Dice control at the craps table: does it really work?
Many are sceptical about dice control. Some even call it cheating. But dice control, or dice setting, is part of any professional craps player’s skill-set.
Dice control is where a player learns to throw the dice in a way that gives them a favourable outcome. Thus, they’re able to influence a game that would otherwise be down to luck. Unsurprisingly, most casinos take measures to reduce a skilled shooter’s chances at controlling the dice, such as forcing them to hit the back wall.
Dice control (in theory) lets players claw back the advantage that the house holds over them, sometimes known as controlled shooting. In the same way as games like snooker and darts, practice makes perfect. So, assuming that precision shooting was possible, it would only take a few successful rolls to affect the edge.
Dice control theory
The shooter starts by setting the dice in their hand, placing certain numbers next to each other. He or she must then execute a smooth and consistent throw to achieve a synchronous spin that keeps the dice in rotation together. The idea is that if you use the same starting configuration and throwing technique, it’s more likely that the dice will turn up the same or similar with each roll.
How to achieve dice control
Grip and alignment
Your grip should be light, and the pressure evenly spread over both dice – think minimum contact and friction. Consider the dice as a two-part unit that you are throwing as a block. Your hope is that they stay in contact as you throw.
You must try to align the dice parallel with the table. So, if you were to lower them to the felt, both dice would make good solid contact. Then, with the aim of reaching the end of the table, use the lines displayed on the layout to help you line up your shot.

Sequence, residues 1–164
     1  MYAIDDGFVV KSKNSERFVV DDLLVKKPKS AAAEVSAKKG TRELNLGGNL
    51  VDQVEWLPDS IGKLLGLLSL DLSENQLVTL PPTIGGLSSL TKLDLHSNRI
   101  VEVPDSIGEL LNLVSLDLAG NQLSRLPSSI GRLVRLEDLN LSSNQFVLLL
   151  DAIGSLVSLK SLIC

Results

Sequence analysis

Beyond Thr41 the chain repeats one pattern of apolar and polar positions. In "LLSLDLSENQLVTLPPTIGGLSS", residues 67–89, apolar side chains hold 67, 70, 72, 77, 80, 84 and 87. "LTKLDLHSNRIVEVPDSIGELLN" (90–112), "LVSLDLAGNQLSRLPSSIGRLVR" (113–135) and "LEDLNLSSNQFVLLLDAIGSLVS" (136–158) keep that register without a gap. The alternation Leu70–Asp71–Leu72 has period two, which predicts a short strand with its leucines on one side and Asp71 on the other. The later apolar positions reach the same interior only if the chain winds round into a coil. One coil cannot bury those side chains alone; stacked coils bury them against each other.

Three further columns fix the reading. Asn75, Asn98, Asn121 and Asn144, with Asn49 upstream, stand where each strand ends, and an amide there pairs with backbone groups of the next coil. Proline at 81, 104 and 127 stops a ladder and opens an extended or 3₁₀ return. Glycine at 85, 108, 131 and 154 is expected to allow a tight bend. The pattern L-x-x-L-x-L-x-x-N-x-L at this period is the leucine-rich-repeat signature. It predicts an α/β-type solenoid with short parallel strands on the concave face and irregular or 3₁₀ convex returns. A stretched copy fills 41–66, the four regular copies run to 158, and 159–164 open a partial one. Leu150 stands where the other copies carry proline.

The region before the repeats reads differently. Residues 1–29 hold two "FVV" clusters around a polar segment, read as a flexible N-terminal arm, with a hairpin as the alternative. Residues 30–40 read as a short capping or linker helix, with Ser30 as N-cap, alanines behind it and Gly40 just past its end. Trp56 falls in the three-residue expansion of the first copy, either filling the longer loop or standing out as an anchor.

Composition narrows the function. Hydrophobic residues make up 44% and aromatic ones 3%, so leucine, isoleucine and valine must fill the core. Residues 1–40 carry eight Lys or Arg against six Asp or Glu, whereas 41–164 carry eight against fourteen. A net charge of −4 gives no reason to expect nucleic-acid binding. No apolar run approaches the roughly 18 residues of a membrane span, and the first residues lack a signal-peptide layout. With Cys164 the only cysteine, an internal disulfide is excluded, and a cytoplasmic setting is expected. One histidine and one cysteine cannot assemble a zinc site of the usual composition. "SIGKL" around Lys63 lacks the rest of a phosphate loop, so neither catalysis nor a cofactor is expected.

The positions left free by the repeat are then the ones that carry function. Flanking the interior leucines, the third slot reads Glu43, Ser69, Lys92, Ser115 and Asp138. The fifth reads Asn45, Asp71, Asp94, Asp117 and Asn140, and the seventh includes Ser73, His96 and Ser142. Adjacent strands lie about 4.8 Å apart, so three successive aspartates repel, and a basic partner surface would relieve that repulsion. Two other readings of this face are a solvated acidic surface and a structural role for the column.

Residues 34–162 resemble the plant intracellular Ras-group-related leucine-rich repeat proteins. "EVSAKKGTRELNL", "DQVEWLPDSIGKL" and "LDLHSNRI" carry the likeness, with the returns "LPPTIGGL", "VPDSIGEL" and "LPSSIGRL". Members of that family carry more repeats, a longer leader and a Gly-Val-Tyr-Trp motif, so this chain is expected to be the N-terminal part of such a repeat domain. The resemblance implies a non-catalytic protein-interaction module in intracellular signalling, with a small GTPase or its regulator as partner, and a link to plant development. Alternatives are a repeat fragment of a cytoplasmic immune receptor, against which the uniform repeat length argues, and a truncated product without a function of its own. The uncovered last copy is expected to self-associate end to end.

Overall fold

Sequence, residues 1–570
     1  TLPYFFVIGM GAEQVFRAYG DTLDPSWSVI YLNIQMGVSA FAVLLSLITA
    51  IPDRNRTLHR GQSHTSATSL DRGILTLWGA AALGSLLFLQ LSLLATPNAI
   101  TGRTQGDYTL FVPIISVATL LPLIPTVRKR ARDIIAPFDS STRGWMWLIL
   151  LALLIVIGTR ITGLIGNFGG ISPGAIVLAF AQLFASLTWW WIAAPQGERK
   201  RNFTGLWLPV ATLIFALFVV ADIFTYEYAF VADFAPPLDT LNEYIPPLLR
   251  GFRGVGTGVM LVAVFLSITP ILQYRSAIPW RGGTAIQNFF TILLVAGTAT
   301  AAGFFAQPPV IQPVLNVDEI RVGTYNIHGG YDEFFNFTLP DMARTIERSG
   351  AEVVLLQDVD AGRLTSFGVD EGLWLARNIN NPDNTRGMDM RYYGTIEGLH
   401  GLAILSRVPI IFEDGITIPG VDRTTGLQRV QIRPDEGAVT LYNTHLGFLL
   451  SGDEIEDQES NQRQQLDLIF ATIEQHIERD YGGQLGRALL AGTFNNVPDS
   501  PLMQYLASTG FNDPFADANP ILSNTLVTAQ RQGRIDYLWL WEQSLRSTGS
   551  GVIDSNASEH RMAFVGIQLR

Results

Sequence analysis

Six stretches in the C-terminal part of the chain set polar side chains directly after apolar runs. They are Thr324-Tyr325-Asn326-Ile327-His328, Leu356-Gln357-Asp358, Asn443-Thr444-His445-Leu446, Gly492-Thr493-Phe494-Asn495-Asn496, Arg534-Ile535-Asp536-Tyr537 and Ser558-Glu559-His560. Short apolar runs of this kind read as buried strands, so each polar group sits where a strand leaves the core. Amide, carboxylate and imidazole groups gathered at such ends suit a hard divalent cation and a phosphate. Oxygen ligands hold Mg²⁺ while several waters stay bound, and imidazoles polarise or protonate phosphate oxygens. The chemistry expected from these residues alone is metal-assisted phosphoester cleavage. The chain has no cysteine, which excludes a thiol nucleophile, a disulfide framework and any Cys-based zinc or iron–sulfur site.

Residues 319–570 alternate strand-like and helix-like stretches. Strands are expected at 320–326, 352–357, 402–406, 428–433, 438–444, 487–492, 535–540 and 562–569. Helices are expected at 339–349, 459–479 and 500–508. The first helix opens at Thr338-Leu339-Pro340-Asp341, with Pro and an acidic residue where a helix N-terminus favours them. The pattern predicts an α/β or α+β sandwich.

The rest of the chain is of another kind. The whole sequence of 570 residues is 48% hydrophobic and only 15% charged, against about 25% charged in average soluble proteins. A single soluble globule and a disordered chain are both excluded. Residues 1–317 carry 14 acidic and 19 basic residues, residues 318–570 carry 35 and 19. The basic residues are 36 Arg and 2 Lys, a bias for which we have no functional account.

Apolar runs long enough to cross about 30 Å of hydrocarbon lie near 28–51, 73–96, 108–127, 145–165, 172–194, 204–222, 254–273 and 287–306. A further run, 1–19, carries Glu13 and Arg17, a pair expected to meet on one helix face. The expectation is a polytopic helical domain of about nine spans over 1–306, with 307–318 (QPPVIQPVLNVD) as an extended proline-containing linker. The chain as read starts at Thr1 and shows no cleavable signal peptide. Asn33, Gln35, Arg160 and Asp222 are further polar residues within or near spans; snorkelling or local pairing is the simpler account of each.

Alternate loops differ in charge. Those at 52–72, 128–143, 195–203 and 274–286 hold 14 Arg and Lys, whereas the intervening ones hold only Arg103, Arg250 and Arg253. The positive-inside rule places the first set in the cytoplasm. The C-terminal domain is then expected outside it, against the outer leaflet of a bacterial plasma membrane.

Taking the shot
In order to make calm spins more tricky. Casinos often set a rule that the dice must reach the back wall. The wall itself will have a textured surface to make the bounce of the dice more random.
Your aim with dice control is to minimise this randomness. Remember to throw in a straight line and try to let go with your thumb and fingers at the same time. If you don’t, the dice are more likely to split as they roll.
Also, be wary of clammy hands. Sweaty palms can stick to the dice, reducing your control and causing the dice to break apart. Some players get around this by using chalk or antiperspirant on their hands, but the conspicuous use of chalk will likely get you banned from the casino. Your best bet to avoid clamminess is to remain cool and collected.
Setting the dice
Practice setting the dice at home, so you’re not fiddling with them at the craps table. You’ll look a fool carefully placing them on the table and alert the dealers that you’re planning to control the dice. The idea is to set the dice in a way that significantly reduces your chances of rolling a seven.
There are many different dice sets that you can use. Here are three of the more common ones:
- The hard ways set – offering the best protection against a seven. For this set, you place hard ways combinations all around the two dice. For example, a hard 10 on top with a hard six or eight at the front and hard four underneath.
- 3 V and 2 V sets – also good for avoiding sevens but require more skilled throwing to achieve a synchronous spin.
For this, you must have a hard six or hard four showing on top but aligned so that the spots create a V shape.
- In-line six set – tends to produce a seven and so useful for the come-out roll.
You need to place two sixes on top with the spots aligned. Make two long lines of six rather than four short lines of three.
For more on precision shooting, check out Stanford Wong’s book, Wong on Dice. It’s an interesting read that does a great job of explaining the maths behind dice throwing.
Achieving good dice control is difficult. It takes a lot of practice and even once you think you’ve got it down, unexpected surprises like clammy hands can throw you off. But once you have mastered control, both your confidence at the craps table and the respect you receive as a talented player will mount.